In 2022, the California legislature passed Senate Bill (SB) 1162, which expanded the state’s existing pay data reporting requirements for “payroll employees” to include a new pay data report for employers with 100 or more “labor contractor employees.” Under SB 1162, the pay data reporting deadline was moved to May. This year these reports

New York Governor Kathy Hochul has signed an amendment to the New York State Pay Transparency Law that modifies the applicability of the law, lessens an employer’s recordkeeping requirements, and clarifies what constitutes an “advertisement.” The September 17, 2023, effective date remains unchanged, as does the requirement to include the job description in an

This year, employers in California have updated pay data reports to submit to the state’s Civil Rights Department (CRD). Senate Bill (SB) 1162, passed in 2022, updated previous employee pay data reporting obligations and created an entirely new obligation to pay data reporting related to “employees hired through labor contractors.” This year, these pay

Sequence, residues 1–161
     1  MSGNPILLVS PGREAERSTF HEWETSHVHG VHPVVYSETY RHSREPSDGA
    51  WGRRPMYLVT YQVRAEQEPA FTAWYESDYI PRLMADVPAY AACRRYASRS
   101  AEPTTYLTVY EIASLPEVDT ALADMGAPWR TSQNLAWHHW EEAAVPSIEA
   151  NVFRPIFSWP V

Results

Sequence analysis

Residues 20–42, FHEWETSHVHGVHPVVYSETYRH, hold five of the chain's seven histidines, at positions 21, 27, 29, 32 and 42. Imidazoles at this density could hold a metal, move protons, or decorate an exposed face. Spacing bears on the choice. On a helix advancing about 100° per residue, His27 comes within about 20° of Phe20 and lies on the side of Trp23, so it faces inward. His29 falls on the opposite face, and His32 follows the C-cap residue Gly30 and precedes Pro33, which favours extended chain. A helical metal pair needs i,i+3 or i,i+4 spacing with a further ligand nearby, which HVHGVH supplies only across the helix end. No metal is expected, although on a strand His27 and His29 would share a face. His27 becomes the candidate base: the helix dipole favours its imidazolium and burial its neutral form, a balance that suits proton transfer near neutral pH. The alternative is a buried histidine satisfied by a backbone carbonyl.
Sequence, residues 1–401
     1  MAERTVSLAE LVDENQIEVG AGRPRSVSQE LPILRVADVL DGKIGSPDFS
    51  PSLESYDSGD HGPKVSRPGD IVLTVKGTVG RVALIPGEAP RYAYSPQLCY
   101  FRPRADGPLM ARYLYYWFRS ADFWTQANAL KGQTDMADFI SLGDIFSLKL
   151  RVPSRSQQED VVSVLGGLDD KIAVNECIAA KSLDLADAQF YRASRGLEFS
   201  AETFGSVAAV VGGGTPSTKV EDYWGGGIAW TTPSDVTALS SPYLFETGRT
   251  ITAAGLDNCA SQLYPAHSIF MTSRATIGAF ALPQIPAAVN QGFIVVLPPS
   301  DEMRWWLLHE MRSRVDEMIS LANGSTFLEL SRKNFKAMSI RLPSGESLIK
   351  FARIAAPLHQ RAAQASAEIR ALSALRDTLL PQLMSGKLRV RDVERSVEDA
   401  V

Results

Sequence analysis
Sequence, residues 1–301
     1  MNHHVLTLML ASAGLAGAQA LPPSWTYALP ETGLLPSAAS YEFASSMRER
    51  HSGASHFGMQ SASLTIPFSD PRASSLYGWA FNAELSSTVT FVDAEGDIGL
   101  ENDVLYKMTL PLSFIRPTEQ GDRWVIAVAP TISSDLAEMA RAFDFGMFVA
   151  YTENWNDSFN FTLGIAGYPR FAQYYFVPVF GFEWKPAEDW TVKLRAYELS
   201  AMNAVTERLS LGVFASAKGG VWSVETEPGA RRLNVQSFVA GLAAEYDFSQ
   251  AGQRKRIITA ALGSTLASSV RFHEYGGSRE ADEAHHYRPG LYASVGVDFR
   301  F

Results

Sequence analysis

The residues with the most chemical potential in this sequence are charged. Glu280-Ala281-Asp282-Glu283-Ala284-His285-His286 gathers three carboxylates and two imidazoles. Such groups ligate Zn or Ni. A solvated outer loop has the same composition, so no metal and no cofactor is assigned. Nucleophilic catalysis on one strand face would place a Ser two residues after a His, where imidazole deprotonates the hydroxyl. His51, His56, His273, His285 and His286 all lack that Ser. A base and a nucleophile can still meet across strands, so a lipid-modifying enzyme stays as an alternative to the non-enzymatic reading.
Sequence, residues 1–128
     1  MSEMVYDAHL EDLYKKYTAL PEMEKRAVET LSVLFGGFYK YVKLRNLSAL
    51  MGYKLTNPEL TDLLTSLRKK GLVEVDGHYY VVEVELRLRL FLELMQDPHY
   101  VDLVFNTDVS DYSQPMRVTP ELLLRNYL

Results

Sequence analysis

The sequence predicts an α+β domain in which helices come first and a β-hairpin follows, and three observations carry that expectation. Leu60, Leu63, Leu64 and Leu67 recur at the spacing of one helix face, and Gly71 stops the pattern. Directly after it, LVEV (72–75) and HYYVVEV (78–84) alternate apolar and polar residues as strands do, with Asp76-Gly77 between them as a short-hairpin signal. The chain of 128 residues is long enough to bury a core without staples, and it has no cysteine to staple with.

The long-awaited regulations from the Illinois Department of Labor (IDOL) governing the amendments to the Illinois Equal Pay Act (IEPA) were published, further clarifying the practical implications of obtaining an equal pay registration certificate under the IEPA.

Background

The 2021 amendments to Section 11 of the IEPA require businesses with at least 100 individuals employed

The California Department of Industrial Relations has issued new FAQs to clarify its interpretation of California’s new pay transparency requirements.

Among other updates, the new FAQs provide additional guidance on:

  • Coverage. Employers with at least 15 employees – and at least one employee in California – must include the pay scale on job

Effective September 17, 2023, covered employers in New York State will have pay transparency obligations related to job advertisements under legislative bill S.9427-A/A.10477. Governor Kathy Hochul signed the bill on December 21, 2022.

New York joins other states like California and Washington in enacting pay transparency requirements in 2022. The passage also complicates compliance